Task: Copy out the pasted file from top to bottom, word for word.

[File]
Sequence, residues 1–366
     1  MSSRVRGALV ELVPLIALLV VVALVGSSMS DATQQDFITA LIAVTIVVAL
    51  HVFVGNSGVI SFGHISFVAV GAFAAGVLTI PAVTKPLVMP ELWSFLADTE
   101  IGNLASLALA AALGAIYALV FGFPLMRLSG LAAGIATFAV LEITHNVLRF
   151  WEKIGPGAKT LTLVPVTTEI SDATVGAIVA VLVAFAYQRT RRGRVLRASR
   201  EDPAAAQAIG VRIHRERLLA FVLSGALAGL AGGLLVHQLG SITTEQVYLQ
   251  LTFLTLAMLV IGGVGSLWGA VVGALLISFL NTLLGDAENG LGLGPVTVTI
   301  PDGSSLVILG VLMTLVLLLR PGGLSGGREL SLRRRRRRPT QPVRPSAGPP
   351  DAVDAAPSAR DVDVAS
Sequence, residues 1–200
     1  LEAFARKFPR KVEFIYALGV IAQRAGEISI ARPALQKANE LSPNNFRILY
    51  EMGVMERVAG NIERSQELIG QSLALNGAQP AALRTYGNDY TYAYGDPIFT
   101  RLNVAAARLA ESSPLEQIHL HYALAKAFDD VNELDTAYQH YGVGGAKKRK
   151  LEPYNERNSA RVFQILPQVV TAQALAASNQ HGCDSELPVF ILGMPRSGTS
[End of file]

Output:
Sequence, residues 1–366
     1  MSSRVRGALV ELVPLIALLV VVALVGSSMS DATQQDFITA LIAVTIVVAL
    51  HVFVGNSGVI SFGHISFVAV GAFAAGVLTI PAVTKPLVMP ELWSFLADTE
   101  IGNLASLALA AALGAIYALV FGFPLMRLSG LAAGIATFAV LEITHNVLRF
   151  WEKIGPGAKT LTLVPVTTEI SDATVGAIVA VLVAFAYQRT RRGRVLRASR
   201  EDPAAAQAIG VRIHRERLLA FVLSGALAGL AGGLLVHQLG SITTEQVYLQ
   251  LTFLTLAMLV IGGVGSLWGA VVGALLISFL NTLLGDAENG LGLGPVTVTI
   301  PDGSSLVILG VLMTLVLLLR PGGLSGGREL SLRRRRRRPT QPVRPSAGPP
   351  DAVDAAPSAR DVDVAS
Sequence, residues 1–200
     1  LEAFARKFPR KVEFIYALGV IAQRAGEISI ARPALQKANE LSPNNFRILY
    51  EMGVMERVAG NIERSQELIG QSLALNGAQP AALRTYGNDY TYAYGDPIFT
   101  RLNVAAARLA ESSPLEQIHL HYALAKAFDD VNELDTAYQH YGVGGAKKRK
   151  LEPYNERNSA RVFQILPQVV TAQALAASNQ HGCDSELPVF ILGMPRSGTS